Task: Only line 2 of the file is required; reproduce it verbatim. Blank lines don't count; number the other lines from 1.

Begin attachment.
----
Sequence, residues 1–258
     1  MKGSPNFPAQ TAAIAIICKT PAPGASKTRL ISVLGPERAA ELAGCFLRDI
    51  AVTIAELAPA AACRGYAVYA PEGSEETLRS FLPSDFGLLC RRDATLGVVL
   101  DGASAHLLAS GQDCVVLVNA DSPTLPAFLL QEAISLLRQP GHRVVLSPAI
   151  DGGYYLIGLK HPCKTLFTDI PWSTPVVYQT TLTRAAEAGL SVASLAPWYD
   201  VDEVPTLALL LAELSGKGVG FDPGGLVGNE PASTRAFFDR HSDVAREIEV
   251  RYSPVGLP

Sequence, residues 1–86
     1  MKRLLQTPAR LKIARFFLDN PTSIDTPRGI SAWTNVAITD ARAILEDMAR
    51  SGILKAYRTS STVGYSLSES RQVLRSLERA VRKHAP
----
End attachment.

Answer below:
     1  MKGSPNFPAQ TAAIAIICKT PAPGASKTRL ISVLGPERAA ELAGCFLRDI